As both parties haggle over how to avoid going over the "fiscal cliff" on Jan. 1, one of the ideas that has resurfaced is gradually raising the Medicare retirement age. There's a very clear rationale for doing this, and it may even sound appealing to conservatives. The problem is that once Obamacare is in place, it cannot be done without shifting costs to younger Americans.

The Centers for Disease Control and Prevention estimates that Americans who reach the Medicare retirement age of 65 can be expected to live an additional 19.2 years -- about five years, or 34 percent, longer than they did in 1960. Despite this, the retirement age has held steady at 65 since Medicare was created in 1965.

According to a Congressional Budget Office study, if the retirement age were raised by two months each year until it reached 67 in 2024, it would save about $125 billion over a decade and reduce Medicare spending by 0.4 percent of gross domestic product by 2035. It's worth keeping in mind that the national debt is projected to be 181 percent of GDP by that year, so tweaking the retirement age was never going to be a substitute for genuine entitlement reform. Still, in a pre-Obamacare world, it may have still been a common-sense idea that was at least a step in the right direction. But Obamacare changes this calculus.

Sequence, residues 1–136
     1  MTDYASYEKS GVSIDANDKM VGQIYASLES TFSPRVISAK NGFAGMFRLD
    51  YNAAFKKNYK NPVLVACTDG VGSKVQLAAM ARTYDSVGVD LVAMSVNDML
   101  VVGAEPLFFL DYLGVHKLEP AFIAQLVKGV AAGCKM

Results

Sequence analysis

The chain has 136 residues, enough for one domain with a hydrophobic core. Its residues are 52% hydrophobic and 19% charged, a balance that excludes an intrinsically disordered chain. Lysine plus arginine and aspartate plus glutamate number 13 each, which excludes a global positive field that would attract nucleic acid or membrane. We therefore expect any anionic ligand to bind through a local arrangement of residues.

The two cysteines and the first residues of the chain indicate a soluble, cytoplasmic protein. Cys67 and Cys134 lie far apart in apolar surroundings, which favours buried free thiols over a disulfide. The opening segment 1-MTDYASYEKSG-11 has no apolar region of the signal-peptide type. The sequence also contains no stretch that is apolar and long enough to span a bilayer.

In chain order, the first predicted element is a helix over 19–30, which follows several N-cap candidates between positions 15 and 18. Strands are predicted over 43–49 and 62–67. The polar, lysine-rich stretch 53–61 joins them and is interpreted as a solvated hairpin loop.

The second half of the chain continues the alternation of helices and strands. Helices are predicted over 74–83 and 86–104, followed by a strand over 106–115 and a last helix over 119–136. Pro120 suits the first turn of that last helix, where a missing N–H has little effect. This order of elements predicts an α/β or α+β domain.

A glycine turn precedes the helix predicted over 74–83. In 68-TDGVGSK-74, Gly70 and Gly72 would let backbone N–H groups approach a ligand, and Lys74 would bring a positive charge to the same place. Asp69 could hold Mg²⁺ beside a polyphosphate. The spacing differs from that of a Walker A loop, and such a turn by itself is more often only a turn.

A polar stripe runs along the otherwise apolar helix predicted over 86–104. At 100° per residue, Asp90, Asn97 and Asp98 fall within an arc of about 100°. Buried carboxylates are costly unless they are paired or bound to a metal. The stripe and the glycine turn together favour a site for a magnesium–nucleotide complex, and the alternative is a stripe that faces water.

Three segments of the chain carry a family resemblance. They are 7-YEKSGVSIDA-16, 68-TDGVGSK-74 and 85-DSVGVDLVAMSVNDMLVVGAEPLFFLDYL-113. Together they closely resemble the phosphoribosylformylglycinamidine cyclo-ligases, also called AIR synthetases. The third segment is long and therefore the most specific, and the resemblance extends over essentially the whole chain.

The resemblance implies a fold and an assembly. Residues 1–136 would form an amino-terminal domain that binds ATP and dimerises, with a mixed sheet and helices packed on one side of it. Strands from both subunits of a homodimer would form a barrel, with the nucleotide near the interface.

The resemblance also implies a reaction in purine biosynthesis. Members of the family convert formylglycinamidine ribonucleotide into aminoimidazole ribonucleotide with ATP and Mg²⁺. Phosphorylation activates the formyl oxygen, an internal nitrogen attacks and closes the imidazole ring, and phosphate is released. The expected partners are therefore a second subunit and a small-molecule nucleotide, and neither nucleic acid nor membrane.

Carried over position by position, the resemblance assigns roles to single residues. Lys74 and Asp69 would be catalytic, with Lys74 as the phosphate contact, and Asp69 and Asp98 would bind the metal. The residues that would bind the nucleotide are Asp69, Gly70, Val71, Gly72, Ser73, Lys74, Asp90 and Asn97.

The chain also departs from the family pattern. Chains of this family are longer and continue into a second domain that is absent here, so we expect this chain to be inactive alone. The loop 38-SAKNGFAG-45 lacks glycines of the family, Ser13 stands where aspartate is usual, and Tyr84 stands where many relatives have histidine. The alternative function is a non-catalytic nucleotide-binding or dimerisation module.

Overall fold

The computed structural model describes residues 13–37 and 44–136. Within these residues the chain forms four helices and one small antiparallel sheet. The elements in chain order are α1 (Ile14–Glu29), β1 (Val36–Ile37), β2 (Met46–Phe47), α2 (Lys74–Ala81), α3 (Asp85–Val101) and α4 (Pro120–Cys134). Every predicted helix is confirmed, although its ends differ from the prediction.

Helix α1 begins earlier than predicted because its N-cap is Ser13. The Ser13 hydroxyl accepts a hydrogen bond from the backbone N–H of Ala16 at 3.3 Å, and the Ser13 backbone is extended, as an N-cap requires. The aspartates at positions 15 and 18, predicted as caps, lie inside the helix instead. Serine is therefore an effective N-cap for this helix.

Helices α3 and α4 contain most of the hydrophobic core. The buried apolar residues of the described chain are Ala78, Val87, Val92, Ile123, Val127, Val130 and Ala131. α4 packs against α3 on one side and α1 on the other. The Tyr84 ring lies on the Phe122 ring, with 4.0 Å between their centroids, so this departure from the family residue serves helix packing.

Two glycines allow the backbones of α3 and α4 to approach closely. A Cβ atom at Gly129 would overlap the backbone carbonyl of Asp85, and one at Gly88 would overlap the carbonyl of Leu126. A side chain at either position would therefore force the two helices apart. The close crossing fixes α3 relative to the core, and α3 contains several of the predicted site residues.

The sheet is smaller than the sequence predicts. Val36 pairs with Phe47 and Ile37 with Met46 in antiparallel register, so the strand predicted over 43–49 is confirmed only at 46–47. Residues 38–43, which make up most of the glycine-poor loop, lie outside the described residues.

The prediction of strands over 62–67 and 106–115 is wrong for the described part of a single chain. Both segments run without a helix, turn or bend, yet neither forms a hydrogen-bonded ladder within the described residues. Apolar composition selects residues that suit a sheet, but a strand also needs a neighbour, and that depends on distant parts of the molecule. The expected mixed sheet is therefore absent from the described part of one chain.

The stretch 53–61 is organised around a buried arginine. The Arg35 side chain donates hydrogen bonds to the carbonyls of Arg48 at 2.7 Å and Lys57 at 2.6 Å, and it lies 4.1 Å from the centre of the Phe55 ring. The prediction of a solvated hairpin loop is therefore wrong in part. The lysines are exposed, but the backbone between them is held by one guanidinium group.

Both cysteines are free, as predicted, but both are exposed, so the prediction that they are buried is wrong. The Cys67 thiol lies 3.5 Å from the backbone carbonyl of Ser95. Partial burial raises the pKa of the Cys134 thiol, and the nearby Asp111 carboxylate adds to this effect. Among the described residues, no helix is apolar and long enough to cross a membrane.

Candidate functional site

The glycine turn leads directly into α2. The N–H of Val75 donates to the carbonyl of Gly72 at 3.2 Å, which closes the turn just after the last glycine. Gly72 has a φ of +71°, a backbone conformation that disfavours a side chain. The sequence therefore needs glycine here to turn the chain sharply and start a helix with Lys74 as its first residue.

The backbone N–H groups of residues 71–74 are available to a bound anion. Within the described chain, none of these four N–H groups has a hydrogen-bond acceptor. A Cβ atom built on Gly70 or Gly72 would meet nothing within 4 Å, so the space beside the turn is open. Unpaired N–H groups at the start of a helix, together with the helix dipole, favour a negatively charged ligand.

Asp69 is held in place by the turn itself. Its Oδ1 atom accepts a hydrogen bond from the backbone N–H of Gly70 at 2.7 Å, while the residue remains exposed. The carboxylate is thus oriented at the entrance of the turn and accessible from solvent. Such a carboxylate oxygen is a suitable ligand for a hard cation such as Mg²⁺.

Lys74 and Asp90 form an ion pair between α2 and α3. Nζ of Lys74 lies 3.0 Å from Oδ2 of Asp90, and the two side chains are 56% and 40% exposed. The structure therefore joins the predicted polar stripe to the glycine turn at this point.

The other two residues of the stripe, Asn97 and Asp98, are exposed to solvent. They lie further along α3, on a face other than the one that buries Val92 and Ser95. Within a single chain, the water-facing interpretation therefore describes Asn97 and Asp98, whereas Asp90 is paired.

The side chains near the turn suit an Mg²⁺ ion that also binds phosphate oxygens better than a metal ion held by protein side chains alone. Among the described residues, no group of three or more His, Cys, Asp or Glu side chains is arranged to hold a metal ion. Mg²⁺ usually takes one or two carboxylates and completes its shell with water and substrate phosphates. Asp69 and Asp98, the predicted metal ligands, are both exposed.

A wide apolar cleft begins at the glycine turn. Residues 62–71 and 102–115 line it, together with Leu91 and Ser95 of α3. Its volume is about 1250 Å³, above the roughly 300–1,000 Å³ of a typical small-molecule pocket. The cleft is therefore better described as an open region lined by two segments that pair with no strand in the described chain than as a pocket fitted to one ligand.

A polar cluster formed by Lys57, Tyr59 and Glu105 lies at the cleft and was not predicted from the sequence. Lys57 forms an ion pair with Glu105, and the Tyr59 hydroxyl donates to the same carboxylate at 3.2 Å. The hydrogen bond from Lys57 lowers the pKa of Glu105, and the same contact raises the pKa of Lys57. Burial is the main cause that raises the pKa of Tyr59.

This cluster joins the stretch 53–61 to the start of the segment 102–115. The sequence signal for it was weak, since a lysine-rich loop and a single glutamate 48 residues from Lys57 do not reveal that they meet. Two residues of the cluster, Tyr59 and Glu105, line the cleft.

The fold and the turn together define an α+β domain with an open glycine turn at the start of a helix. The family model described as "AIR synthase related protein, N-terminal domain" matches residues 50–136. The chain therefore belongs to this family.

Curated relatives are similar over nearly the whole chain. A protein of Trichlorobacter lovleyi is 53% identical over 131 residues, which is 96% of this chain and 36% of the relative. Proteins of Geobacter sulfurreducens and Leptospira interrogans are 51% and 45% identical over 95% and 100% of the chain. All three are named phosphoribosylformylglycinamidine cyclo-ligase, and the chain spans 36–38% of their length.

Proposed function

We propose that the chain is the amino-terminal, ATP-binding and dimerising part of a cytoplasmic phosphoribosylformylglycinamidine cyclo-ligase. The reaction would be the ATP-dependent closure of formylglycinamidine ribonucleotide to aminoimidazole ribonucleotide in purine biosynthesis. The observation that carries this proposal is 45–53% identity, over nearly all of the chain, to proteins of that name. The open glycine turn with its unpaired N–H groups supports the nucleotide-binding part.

In a floor speech this week, Sen. Dick Durbin, the Democratic majority whip, expressed openness to a Medicare age increase, but only after President Obama's national health care law is fully implemented. His rationale was that a senior who wants to retire at 65 but can't enroll in Medicare would otherwise have trouble finding affordable insurance on the private market. What he overlooked is how this would affect the young.

Obamacare limits the variation in the prices insurers can charge based on the age of their customers. This provision of Obamacare will make insurance relatively more affordable for older Americans, but those savings will have to be subsidized in the form of higher premiums for the young.

This effect will be exacerbated if the Medicare retirement age is raised and seniors stay on private insurance longer. Because insurers cannot charge seniors based on the actual risk of covering them, and if the market is flooded with people ages 65 and 66, young people will be forced to absorb the increased cost.

If you are under 30 years old, you would be wrong to think that a change in the Medicare age wouldn't affect you for decades. In fact, once Obamacare is implemented, such a change would boost your health insurance costs immediately.